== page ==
If you were looking to buy a home, which type of mortgage would benefit you the most? What are the best home loan programs available? Should you consider ARMs, fixed rate loans, or something else? The following should help you answer all of these questions, and more:
Truth be told, the best mortgage available is the one you can get approved for. While banks and mortgage companies conduct a lot of marketing, however, many don’t have a wide variety of choices when it comes to financing a home. There may be different loan features to take or leave, but many instantly forget that they are trying to borrow hundreds of thousands of dollars, and focus just on interest rate shopping. You’d probably be a little more picky if you were going to loan a half a million dollars of your own hard earned money.
Let’s say you have a good amount of cushion between your monthly income and a housing payment, and you do have the choice of a number of lenders and loan programs. If this is you, congratulations. Not everyone has the same luxury. But with the amount of choices made available, which one is right for you?
Honing in on the best loan should begin with understanding your needs and goals. Even for very short term investments, the loan buyers take out can make a huge difference in achieving their desired goals.
Key questions for home buyers and borrowers to ask include:
- How long will I hold onto this property?
- What should this property do for me?
- What does this loan need to do for me?
If you don’t have much of a down payment, you really need a loan program that will finance as much as possible. Fortunately there are a number of options, and many home buyers may need less than they think. Low down payment mortgage programs include:
- FHA loans
- VA loans
- USDA loans
These are not your only options, but they are the most popular. Remember, even in the case of 100% financing, there may be closing costs. Sometimes these can be rolled into the loan, but expect to have to put up your initial deposit, and pay for items like appraisals and home inspections before the closing. Note that some may qualify for grants or down payment assistance programs, which can help close this gap.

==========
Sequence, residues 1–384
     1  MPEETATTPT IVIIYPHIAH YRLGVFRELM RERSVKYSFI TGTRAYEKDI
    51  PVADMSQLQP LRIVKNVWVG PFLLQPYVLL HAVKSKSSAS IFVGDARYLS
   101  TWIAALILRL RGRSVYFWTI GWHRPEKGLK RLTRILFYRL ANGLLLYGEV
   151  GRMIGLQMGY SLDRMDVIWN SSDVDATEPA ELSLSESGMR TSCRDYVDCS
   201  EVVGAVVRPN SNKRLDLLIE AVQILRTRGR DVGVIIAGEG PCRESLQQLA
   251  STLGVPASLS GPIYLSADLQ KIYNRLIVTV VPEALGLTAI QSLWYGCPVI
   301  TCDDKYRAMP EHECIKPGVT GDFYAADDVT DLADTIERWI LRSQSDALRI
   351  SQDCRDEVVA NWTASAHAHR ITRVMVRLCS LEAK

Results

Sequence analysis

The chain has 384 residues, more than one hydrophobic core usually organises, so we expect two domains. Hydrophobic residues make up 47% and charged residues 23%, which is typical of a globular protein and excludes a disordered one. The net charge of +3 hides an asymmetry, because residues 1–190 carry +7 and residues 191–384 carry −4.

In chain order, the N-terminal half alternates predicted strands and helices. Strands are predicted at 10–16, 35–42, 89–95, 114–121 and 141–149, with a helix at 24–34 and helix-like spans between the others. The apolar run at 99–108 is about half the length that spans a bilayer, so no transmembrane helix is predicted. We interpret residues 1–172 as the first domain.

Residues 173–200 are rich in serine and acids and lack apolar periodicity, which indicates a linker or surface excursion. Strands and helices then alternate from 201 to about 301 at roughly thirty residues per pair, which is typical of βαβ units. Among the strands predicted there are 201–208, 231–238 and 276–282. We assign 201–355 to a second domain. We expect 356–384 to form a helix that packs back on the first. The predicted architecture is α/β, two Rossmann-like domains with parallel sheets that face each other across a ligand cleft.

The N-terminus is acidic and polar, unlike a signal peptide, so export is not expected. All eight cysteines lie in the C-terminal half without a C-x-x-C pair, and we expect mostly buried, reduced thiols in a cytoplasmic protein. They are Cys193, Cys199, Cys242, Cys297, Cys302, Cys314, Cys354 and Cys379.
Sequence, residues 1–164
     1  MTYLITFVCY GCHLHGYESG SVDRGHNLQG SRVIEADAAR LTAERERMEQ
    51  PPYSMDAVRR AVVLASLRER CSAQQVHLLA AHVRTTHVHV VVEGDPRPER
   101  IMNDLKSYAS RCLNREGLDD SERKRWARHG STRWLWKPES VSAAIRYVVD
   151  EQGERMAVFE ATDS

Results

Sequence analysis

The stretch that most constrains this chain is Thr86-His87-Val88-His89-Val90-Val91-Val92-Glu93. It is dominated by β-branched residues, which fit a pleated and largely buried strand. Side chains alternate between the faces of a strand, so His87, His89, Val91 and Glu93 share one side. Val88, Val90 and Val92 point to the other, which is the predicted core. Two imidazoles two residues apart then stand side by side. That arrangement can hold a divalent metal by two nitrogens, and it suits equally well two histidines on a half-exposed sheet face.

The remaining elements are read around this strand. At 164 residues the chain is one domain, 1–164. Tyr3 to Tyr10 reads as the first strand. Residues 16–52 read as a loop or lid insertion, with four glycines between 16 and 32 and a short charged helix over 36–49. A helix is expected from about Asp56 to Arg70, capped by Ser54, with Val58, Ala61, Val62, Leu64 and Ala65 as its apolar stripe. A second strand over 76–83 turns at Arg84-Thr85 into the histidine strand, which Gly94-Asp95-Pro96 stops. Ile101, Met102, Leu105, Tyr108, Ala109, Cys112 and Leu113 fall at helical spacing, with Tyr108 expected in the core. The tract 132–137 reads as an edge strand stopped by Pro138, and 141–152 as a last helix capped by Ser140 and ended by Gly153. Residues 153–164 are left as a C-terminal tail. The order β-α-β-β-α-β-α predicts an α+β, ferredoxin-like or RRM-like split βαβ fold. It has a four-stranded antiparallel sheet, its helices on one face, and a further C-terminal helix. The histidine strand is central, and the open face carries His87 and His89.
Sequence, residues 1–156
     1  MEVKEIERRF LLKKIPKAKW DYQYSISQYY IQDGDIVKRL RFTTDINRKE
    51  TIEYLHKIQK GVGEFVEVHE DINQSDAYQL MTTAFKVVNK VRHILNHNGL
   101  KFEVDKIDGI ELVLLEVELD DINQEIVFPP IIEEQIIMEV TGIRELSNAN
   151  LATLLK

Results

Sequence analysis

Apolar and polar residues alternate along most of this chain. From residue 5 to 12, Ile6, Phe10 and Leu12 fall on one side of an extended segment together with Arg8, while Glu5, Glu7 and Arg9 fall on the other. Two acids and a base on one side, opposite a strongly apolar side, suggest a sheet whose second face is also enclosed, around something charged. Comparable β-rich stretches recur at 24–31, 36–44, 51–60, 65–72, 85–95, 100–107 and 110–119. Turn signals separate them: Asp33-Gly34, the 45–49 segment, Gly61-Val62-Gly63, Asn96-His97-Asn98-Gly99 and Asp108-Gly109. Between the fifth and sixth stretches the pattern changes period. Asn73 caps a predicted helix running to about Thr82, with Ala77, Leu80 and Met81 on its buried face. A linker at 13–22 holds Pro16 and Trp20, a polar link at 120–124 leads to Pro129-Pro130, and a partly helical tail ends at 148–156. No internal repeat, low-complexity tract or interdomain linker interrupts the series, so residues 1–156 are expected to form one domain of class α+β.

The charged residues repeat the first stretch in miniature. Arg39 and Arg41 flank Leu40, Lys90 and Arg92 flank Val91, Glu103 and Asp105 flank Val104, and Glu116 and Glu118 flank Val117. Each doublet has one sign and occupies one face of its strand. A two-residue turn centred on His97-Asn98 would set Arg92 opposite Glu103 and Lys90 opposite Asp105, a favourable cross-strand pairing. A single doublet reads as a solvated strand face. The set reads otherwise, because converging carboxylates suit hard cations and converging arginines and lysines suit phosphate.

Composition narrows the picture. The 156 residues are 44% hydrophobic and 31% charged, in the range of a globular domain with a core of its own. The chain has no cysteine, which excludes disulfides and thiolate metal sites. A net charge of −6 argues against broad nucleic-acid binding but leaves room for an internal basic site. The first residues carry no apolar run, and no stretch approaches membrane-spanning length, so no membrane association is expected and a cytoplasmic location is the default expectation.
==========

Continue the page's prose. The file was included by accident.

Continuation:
Adjustable rate mortgages (ARMs) often offer lower interest rates and monthly payments. Those with features like balloon payments can also appear to make it easier to buy. In some cases, these loans are a great fit. Just be aware that we will be in a rising rate environment for quite a while. If there isn’t enough equity, or your financial situation isn’t strong when you need a replacement loan, it could get ugly. Don’t take a two year adjustable or 10 year balloon loan if you expect to keep the property for 30 years.
Asset-based lending is financing that puts more priority on the real estate asset versus the individual buyer’s credit or finances. It can include commercial mortgages, transactional funding, crowdfunding, hard money loans, and other private money and social finance programs.
There is a growing debate over whether 15 year or 30 year fixed rate mortgages are the best. Those leading the anti-debt movement are big fans of 15 year loans. They view this as a forced way to pay off your mortgage and get out of debt faster. The downside is that these shorter term loans can come with much higher payments, even if the interest rate is lower. Not everyone wants to have to come up with that much each month as a minimum payment. So there can be advantages to the slack of a 30 year loan. Take the longer loan and you can pay it off faster when you have the cash, but then have some cushion when finances are tight.
Is it mortgage brokers or banks, or other new alternatives? Borrowers must be cautious about having their credit pulled too much. They should be especially careful of the Lending Tree type of websites that can result in a lot of pulls, and then rapidly declining credit scores. Perhaps there is only one question that needs to be asked: who do you trust? While your loan originator may not always handle the servicing of your loan, being confident in your loan officer is really the difference maker. Do they care about putting you in a loan you can afford and will serve your goals?